Museum to Acquire Norman Rockwell Drawing−And We Need YOUR Help!
Looking to escape the hustle and bustle of the New York City suburbs, famed illustrator Norman Rockwell and his family bought a house in the quaint rural village of Arlington, Vermont in 1938. Not long after, he received a commission to create the cover art for a Boy Scouts of America calendar. One of the key tenets of the Boy Scouts was to prepare budding citizens to make sacrifices for the greater good, and they made a persuasive case through calendar art of scenes with no moral ambiguity. The hurricane of September 1938, which devastated Long Island and much of New England, provided the inspiration for A Scout is Helpful.
Rockwell’s new friend and real estate agent, Burt Immen, volunteered his daughter, Mary, to serve as the model for the little girl in A Scout is Helpful. When Mary arrived at Rockwell’s studio accompanied by her mother, she was dressed in her Sunday best, with her hair done up in perfectly coiffed curls. Rockwell immediately told her that she was modeling for a young girl being saved from a flood. With Mrs. Immen’s permission, Rockwell stripped Mary down into her slip, got her hair wet and tussled, and provided her with an old quilt in which to wrap herself.
Rockwell designed and developed the compositions for his images meticulously, typically developing a full-scale charcoal drawing as the final step before beginning the full-color painting in oils. His sketches often rivaled his paintings in complexity, with all of the composition being worked out before a brush ever touched canvas. This highly finished study drawing has remained in the possession of Mary’s family up to the present day, and has been on long-term loan to Bennington Museum since 2003. Last year, Mary and her husband, Joe Hall, decided it was time to sell the drawing and offered right of first refusal to Bennington Museum. Recognizing the historical and artistic significance of the work to this area, the Museum decided without hesitation to add it to the collection for permanent preservation.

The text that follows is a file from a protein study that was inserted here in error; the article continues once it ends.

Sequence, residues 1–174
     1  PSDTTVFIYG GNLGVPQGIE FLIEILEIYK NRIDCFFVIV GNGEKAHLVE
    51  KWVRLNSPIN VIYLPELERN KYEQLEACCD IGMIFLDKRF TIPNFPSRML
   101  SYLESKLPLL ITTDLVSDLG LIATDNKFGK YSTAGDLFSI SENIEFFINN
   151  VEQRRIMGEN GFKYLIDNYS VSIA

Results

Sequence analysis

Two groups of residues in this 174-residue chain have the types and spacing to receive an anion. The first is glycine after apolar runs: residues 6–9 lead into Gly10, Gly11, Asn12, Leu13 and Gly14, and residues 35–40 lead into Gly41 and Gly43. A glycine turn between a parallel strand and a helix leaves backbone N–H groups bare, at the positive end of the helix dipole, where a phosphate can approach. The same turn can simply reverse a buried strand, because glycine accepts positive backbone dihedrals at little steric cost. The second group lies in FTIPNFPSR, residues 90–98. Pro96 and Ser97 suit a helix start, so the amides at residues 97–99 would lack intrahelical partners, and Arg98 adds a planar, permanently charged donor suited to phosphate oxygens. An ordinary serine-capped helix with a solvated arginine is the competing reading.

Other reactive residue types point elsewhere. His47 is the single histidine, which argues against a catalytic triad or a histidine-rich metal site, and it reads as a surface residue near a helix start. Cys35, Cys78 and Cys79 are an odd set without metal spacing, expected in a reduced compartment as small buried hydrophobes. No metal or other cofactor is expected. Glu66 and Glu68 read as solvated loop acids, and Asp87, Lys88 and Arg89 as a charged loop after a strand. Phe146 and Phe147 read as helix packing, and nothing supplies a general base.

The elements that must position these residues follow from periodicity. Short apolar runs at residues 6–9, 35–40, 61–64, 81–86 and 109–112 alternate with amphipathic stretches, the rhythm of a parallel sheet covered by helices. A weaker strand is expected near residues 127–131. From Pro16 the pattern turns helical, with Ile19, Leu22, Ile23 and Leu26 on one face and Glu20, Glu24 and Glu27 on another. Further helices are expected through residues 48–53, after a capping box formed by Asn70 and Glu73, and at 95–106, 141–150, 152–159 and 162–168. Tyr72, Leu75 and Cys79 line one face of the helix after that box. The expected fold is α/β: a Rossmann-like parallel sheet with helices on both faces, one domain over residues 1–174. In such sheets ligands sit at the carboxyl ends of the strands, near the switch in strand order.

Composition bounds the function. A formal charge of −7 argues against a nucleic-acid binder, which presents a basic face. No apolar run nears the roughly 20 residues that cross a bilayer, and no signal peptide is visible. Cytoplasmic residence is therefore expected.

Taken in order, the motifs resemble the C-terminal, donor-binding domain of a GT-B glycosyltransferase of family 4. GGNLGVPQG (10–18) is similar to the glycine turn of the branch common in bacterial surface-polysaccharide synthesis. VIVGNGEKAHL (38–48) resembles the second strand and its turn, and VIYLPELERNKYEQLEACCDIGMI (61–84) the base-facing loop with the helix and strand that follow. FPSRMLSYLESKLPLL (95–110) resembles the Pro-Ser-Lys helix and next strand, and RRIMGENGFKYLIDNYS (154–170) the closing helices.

That’s where YOU come in! The Museum has committed over a quarter of the purchase price already. Now we need your help to succeed in this important effort to safeguard and showcase our local history. Please consider making a gift today to ensure that A Scout is Helpful will continue to be enjoyed by Bennington County residents and visitors for generations to come.